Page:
Since the late 1960s, there has been a gradual increase in the number of significant works aiming toward an ecological economics. A brief survey of the insights from these publications would be helpful, both to persons just getting into the study of ecological economics, and to those attempting to grasp the contemporary state of ecological economics and its theoretical and practical problems. As the field has gained visibility, it has attracted a growing number of conventional economists who address environmental problems through a conventional lens that ignores the carrying capacity of the planet, prioritizes monetary metrics, and operates with a faulty notion of human nature. It has also attracted natural scientists seeking to use monetary valuation and market mechanisms to address environmental problems. Ironically, this is occurring even as a subset of mainstream economists are applying the behavioral sciences and empirical research to challenge the core assumptions of their own discipline and rebuild it on more scientific foundations. Is ecological economics now in danger of being subsumed into conventional economics, and if so, how can this be prevented? Can ecological economics work to rebuild the biophysical foundations of mainstream economics just as behavioral economics seek to rebuild its behavioral foundations? Or should ecological economics focus on exposing neoliberal economics as a combination of political ideology and faith-based beliefs, and seek to create and establish a true living Earth ecological economics as the defining economics of political discourse?

 

2-3:30 PM: Ecological economics and the problem of growth

 

Growth in economic activity has been a major feature of the civilization, beginning with the agricultural revolution and accelerating with the simultaneous emergence of the fossil fuel and capitalist economy, but the impacts of that growth are highly ambiguous. Indeed, there is abundant evidence that the scale of the economy now exceeds the carrying capacity of the earth. In an ecological civilization, resource extraction and waste emissions (collectively known as throughput) cannot exceed the productive or absorptive capacities of regional and global ecosystems, and quantitative economic growth must halt before its highly uncertain and potentially irreversible ecological costs begin to exceed its benefits. However, many people must consume more simply to satisfy basic human needs, and in the current system low or negative economic growth is typically accompanied by growing poverty, misery and unemployment. How can we reduce the physical throughput of the economy as a whole while ensuring the poor can ensure basic needs? Many people have a negative reaction to terms like “degrowth” or “steady state economy”. How do frame the needed transition from quantitative increases in global consumption to qualitative improvements in human well being? What institutions would be required to ensure that economic activities do not threaten the vitality of the living earth, that benefits are fairly distributed, and that ecological costs do not exceed economic benefits?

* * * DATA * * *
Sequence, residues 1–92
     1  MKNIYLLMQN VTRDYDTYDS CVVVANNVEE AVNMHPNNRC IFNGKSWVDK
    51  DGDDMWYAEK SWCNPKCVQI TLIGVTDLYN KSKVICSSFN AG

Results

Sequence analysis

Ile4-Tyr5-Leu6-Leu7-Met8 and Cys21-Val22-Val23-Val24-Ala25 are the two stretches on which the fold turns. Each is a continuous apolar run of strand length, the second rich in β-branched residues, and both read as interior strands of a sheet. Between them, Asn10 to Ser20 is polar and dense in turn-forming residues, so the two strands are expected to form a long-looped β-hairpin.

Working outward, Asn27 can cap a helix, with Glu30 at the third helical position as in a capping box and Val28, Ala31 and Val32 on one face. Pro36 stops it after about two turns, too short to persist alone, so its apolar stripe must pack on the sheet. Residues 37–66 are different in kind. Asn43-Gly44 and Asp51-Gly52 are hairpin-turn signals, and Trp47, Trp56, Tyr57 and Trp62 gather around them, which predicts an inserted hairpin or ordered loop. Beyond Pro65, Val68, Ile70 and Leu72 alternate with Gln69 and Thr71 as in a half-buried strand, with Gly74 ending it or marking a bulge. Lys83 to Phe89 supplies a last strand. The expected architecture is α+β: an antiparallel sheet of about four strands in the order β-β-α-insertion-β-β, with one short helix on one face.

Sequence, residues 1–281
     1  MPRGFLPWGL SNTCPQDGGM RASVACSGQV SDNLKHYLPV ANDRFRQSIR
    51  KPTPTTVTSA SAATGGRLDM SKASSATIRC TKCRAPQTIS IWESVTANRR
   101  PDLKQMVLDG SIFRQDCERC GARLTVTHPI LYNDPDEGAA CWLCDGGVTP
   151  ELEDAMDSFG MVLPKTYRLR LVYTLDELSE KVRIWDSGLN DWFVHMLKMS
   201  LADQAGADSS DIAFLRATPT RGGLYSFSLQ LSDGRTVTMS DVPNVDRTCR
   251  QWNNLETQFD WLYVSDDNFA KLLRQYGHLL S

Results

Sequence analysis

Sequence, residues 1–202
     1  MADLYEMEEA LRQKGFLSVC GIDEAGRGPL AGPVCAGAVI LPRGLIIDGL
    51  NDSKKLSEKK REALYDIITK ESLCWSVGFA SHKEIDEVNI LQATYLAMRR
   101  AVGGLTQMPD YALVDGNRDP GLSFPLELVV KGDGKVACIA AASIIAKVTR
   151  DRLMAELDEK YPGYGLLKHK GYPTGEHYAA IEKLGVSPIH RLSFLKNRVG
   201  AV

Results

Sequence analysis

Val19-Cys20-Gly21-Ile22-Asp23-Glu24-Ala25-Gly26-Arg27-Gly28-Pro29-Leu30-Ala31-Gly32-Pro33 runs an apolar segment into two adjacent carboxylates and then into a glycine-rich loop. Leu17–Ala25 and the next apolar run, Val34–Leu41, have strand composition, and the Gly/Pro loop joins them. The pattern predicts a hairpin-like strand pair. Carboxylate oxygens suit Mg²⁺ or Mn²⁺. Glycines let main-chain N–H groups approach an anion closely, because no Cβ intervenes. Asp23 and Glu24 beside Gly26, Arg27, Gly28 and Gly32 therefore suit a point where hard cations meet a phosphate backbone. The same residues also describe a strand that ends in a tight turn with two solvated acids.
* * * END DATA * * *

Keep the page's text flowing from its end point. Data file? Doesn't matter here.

4-5:30 PM: Just Distribution and Ecological Economics

 

Mainstream economics is not just anthropocentric but plutocentric—it strives to satisfy the subjective preferences of individual humans living today weighted by their purchasing power. What would justice for all look like in a polity and economics that took the care of the larger ecosphere seriously, and valued the poor as well as the rich? What would the notions of freedom, equality, and community look like in an ecological civilization, especially when it comes to the distribution of scarce and essential resources, within and between generations?

.

 

Sunday, June 7, 2015: Ecological Economics in the context of the drive for an ecological civilization

 

11-12:30 AM: Current trends driving the transition to an ecological economy